Tuesday, June 1, 2010
The elf awakes, expecting to see warm sunlight trickling into her family's home, high in the trees. Instead, she sees smoke and ash clouds. Averting her eyes from the corpses in her parent's cots, she looks out to see no forest, but instead a waste full of smoking rubble - great chunks of masonry like that in the human city to the east. Withered man-sized carcasses pepper the gray powdered spoil. The air is silent and still... and then, something creaks like an old door hinge. Again. Then, again... out of the smoke lumber gaunt pallid shapes, like elves or men but not quite.
Kitty has played DnD for the first time... but that warrants its own post. I wanna talk real quick about skeletons.
Skeletons are a go-to undead for Level 1 characters for more reasons than just "They're kinds easy to kill." For one thing, the solution to that is hoards of skeletons. No, what's really great about skeletons is that, more than any other undead creature, skeletons say "Death." Zombies are more visceral - they disgust us with their decay, and remind us of the horror of violence. Ghosts, wraiths et al are the opposite - they speak to the alien otherness of the dead, the great wall between them and us. They tell us about our fears of what's after death. Ghosts are the penultimate foreigners, our fear of them the greatest xenophobia.
Skeletons, though, just symbolize death. Not how it happens, not what will happen during or afterward... just the fact itself. Skull. Death. Skeleton. Death. Skeleton coming at you with sword. Death.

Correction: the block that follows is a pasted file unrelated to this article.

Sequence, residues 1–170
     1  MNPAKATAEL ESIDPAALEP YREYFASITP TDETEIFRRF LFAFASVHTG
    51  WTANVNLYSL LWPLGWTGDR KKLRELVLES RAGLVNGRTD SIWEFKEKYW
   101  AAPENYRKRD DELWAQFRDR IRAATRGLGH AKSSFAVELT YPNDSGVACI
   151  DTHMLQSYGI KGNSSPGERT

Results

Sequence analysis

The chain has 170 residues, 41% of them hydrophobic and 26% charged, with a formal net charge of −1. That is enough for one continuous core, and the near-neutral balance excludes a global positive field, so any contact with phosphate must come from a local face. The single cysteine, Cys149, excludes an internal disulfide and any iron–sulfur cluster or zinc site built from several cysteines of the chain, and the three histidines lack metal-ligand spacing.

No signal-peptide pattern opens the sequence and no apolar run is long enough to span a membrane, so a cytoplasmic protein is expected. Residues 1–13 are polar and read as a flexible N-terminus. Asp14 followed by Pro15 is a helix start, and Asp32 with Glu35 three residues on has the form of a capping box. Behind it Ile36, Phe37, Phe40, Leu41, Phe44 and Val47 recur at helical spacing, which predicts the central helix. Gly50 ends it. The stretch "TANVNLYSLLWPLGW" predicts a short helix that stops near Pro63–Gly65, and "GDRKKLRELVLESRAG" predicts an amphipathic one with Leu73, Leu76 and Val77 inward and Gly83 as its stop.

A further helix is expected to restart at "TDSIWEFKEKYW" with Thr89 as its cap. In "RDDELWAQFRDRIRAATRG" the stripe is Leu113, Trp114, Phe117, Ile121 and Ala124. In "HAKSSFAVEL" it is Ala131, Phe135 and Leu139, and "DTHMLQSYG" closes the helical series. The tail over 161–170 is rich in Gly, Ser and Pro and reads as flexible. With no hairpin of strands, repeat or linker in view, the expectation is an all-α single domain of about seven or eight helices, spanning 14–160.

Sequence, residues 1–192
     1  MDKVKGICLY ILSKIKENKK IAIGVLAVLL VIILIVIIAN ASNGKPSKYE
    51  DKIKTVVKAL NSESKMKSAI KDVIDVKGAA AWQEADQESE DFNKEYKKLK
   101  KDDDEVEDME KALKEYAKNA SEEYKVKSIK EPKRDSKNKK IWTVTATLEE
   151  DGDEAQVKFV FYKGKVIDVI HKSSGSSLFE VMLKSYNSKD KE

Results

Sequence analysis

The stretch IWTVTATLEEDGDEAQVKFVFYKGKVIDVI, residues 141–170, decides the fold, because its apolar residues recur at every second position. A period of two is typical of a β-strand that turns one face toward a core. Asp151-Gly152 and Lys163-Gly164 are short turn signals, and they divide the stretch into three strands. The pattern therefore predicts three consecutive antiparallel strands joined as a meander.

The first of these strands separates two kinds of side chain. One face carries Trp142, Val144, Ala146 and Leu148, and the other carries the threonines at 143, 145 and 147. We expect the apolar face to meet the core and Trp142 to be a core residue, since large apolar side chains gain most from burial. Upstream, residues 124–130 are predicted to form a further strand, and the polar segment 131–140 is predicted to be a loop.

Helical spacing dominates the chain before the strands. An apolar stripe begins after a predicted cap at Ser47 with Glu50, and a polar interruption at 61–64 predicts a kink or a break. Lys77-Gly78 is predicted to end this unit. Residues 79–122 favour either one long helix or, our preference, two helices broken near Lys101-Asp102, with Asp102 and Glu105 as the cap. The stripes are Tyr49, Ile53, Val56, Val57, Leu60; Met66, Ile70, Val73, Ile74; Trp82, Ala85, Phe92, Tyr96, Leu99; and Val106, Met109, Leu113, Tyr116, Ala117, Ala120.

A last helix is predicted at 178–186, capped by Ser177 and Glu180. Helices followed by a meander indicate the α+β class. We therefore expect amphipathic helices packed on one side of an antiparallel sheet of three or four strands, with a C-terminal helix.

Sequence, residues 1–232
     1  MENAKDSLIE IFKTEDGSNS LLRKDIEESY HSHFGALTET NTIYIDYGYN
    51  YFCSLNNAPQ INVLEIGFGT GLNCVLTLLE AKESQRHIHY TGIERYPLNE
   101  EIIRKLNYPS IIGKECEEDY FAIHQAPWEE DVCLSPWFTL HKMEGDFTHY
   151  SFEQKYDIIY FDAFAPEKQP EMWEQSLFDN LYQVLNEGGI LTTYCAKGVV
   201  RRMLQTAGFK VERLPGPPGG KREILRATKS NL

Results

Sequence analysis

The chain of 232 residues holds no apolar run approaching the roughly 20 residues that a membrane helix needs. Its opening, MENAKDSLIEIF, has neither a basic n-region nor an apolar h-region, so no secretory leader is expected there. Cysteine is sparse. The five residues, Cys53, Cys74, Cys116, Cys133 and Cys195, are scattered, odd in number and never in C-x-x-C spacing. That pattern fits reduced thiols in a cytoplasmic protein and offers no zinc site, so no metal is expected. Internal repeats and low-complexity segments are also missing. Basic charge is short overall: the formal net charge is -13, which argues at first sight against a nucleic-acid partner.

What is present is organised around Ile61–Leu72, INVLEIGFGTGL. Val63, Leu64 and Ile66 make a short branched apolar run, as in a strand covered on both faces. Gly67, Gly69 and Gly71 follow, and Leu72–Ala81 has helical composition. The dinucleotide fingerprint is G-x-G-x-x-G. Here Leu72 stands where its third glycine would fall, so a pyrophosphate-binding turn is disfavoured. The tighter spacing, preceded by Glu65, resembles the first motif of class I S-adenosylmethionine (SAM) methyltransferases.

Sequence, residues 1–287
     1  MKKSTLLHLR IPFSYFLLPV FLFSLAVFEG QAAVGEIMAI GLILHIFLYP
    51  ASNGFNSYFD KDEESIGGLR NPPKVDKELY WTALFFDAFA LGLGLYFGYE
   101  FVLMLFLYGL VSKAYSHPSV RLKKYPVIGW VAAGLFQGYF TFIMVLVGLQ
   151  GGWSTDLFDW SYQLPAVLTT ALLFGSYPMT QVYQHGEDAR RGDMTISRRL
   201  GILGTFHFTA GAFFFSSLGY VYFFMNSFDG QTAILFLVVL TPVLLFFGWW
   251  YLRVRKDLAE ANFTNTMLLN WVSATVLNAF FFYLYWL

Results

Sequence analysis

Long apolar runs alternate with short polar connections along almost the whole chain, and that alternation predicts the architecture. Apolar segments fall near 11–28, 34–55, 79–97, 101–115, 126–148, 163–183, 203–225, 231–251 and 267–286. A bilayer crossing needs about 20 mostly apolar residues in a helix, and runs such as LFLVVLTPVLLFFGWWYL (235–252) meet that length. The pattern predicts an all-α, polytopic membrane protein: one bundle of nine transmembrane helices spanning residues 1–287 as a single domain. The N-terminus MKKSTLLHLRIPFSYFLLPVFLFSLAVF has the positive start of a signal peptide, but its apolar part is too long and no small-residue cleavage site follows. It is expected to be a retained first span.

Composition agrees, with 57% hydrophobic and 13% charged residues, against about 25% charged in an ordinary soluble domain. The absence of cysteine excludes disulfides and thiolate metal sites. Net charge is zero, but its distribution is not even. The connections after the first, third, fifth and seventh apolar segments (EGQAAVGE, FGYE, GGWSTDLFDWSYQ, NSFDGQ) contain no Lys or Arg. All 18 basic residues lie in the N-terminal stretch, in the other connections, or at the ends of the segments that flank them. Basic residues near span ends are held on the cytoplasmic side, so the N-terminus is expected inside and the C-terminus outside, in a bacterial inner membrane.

The skeleton is so abstract that the very image of an animate one is surrealistic. We don't do living skeletons in horror movies anymore, and I suspect it's because even CGI can't make them anything less than abstract and near-comical besides living actors. They worked in Jason and the Argonauts because everything looked surreal. Have them march around in a remake and I'd bet money they get swapped for zombies. Skeletons still work in video games (Elder Scrolls: Oblivion has some great ones) because once again, the whole world has a surreal polygonal feel.
This also gets at the whole "but there isn't anything to hold bones together!" thing. The answer is "so what?" That makes them more scary, because what the hell is holding them together? My answer - the very idea of them. The bones are just the focus - think of skeletons as a kind of weak death-golem. Bash 'em hard enough and eventually the negative energy holding them aloft will flicker out and fail. At which point they should completely come apart with the final blow, bones going everywhere. Noisily. Attracting the attention of more skeletons.
Do this: Imagine a skeleton walking towards you. Go look at one if you must (easier if you're in art or medical school). Really picture it. Covered in cobwebs and bits of dried stuff... rotten clothing and rusting armor... a great, probably busted but still dangerous-lucking sword. You just got some juice out of the fridge and now here it comes, its bare feet clacking on your linoleum floor. It is not slow. It walks as fast as you do.
It's surreal, and that surrealism makes it somehow more frightening. The skeleton is not fear of dying - that's a zombie. It's not fear of the dead - that's ghosts and wraiths. It's fear of death; an atheist's death, for the skeleton is but a husk bearing only passing resemblance to what it once was. Zombies still have some semblance of humanity - skeletons do not. They are an empty and meaningless death.
Creak. Creak. Creaaaaaaak.